When the DiCienzo family officially opened the Rainforest Café at its Sheraton Hotel downtown, Niagara Falls Mayor Paul Dyster did everything possible to convey the impression that he’d all but built the place using his own bare hands.
There he was in front of the cameras, cutting the ribbon himself before taking to the podium and delivering some long winded remarks. Then, in front of television cameras and lowly print journalists scribbling in notebooks, he repeated the same things he’d just got done saying.
What wasn’t mentioned at the ceremony was that the Rainforest Café was to have been one of the centerpieces of the DiCienzo’s $90 million proposed redevelopment of the long moribund Rainbow Center Mall, a proposal Dyster had a hand in rejecting.
The developer picked for the former mall was a partnership made up of the Delaware North and Uniland companies, which proposed a $150 million project, with $75 million of that coming from the local, state and federal taxpayer.
In recent weeks, reports of acrimony between Delaware North and Uniland suggest the project may not go off as planned.
The Rainforest Café is an upscale international chain of restaurants. The DiCienzo’s already own and operate one in Niagara Falls, Ont., and enjoy a good relationship with the corporate heads. The 14,000-square-foot downtown location can seat 238 in the dining room and another 60 on the patio.
The restaurant cost $3.5 million to build, with just $150,000 of that coming through the city’s NFC Development Corp.
Uniland and Delaware North have created exactly zero jobs here, despite the promise of $75 million and neither has do nothing developer Mark Hamister, whose proposed downtown hotel has yet to materialize in spite of his being approved to receive millions in taxpayer funding for his now $36 million imaginary project.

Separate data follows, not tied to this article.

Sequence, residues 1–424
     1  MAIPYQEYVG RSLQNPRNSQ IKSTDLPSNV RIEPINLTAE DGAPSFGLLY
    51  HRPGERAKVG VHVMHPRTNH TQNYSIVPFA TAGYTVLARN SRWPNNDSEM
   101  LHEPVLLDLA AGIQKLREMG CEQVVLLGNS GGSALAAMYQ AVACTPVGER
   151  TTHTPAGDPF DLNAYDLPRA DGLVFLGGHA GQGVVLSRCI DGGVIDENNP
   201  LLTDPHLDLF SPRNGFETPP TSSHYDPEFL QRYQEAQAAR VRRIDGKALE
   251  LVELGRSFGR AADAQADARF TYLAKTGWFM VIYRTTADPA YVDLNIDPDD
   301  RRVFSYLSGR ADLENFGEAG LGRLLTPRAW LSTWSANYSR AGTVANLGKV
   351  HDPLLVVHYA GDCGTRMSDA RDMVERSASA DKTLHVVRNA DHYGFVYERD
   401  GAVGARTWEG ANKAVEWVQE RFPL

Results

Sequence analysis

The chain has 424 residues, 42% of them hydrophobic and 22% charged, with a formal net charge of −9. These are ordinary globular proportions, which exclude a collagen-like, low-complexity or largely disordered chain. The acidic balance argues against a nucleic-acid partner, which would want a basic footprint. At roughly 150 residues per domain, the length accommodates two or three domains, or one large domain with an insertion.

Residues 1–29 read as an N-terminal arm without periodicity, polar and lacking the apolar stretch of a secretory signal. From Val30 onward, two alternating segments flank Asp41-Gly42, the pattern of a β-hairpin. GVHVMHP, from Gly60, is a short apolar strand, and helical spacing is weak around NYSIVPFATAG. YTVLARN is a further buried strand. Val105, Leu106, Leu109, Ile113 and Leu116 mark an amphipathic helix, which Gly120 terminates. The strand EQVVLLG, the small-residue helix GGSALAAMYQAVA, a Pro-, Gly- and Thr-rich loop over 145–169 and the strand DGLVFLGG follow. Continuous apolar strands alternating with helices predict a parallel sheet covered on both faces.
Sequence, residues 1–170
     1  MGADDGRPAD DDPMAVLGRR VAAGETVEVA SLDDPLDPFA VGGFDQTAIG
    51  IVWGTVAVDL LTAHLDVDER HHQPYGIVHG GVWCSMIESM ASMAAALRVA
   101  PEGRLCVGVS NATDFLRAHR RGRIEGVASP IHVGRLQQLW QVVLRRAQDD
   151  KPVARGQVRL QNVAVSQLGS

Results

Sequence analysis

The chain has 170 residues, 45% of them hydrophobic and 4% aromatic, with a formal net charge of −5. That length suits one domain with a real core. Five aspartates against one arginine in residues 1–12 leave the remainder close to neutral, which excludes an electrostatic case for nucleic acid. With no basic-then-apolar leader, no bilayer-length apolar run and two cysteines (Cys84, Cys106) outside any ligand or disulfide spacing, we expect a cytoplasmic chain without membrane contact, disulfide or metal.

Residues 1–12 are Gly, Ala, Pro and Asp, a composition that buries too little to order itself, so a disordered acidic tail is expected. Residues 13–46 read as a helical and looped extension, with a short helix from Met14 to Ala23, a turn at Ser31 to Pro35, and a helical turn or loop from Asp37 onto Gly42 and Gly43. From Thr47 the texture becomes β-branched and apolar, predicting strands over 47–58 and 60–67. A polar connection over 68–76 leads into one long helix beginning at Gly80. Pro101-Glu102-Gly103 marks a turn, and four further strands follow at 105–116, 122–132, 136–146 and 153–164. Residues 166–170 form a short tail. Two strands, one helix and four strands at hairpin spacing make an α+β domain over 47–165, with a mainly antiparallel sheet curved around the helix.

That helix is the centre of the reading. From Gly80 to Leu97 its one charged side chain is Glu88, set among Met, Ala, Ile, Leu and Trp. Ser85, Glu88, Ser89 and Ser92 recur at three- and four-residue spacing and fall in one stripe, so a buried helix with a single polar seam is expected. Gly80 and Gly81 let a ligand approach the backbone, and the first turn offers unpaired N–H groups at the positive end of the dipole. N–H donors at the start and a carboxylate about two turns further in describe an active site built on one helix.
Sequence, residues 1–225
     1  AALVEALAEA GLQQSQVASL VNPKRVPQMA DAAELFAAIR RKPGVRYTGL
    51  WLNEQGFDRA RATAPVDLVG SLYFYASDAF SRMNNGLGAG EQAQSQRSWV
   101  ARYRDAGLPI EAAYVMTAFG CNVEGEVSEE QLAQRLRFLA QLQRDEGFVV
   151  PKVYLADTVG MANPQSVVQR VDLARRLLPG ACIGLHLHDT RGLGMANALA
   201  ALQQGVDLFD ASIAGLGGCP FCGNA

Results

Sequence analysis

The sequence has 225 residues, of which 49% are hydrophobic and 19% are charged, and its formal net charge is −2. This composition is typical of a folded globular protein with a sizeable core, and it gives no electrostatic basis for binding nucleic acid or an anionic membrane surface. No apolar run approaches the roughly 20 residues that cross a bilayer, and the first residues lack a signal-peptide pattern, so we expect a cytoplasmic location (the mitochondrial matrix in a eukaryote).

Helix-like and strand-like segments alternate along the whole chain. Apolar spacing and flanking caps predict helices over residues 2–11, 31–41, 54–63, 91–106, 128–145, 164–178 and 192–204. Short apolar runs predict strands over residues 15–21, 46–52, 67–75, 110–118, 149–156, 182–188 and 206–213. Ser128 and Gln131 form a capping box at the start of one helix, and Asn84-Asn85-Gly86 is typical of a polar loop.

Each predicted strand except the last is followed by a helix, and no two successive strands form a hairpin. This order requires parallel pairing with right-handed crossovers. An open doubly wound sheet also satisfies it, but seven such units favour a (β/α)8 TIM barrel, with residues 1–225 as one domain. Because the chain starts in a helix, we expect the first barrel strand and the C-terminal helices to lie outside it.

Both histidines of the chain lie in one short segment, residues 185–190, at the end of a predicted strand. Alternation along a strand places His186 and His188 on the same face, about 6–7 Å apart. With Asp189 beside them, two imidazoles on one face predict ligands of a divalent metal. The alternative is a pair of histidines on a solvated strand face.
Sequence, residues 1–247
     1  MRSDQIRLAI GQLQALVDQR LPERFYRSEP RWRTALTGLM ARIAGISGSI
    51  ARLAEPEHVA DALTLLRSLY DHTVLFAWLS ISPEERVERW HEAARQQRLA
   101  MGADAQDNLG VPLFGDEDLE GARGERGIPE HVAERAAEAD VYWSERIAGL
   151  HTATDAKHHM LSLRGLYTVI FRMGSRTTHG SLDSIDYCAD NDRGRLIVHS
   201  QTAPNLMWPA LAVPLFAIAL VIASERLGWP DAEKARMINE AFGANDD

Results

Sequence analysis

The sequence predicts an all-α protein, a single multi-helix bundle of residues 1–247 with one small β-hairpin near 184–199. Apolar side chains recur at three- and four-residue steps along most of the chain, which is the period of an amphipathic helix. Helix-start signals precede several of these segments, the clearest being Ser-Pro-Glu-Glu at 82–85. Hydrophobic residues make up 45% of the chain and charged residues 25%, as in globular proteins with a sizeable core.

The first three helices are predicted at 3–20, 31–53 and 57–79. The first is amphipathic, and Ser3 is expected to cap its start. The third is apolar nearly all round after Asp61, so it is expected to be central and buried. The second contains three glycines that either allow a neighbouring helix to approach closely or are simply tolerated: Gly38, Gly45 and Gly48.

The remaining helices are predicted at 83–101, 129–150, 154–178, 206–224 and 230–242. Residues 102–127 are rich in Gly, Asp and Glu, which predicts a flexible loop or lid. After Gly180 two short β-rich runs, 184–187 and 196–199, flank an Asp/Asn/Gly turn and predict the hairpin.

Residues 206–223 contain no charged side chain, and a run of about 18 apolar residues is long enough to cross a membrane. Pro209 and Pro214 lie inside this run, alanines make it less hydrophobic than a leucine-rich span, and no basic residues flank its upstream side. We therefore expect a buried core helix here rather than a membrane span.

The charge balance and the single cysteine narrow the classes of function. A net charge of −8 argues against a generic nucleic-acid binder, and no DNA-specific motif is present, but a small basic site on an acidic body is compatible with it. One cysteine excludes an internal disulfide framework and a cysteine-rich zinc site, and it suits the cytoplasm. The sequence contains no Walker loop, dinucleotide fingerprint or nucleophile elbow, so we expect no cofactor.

Unlike Hamister or Uniland, the DiCienzos have been doing business on both sides of the Niagara River here for many years and are known to run a hands on, can do company. What the Ontario-based company lacks is the political clout the Americans have amassed through campaign contributions and other means.
“We really believe in the market and understand the market and what’s missing in the current marketplace is a high quality family attraction and restaurant,” said company President Michael DiCienzo. “The Rainforest Café is a high quality restaurant and a fantastic attraction for families.”
Bordering on the incomprehensible, Dyster got his two cents in as well.
“When it’s warm and sunny in Niagara Falls, there’s lots of things for people to do,” he said. “But when thunderclouds appear on the horizon, even if it’s Fourth of July weekend or when the sun goes down, or God forbid if you’re here in January or February and it turns a little bit cold, it’s always fantastic to have some place for people to go, where you can especially find entertainment for the family.”
In his rush to appease his political masters in Buffalo, Albany and Washington D.C., Dyster was instrumental in rejecting the DiCienzo’s Rainbow Center proposal, forcing the family to build it themselves on property they already owned.
He forgot about the families and the thunderclouds appearing on the horizon and thought only of political advantage and endorsing a plan called Woinderfalls that now seems to be falling apart like a cardboard suitcase in the rain.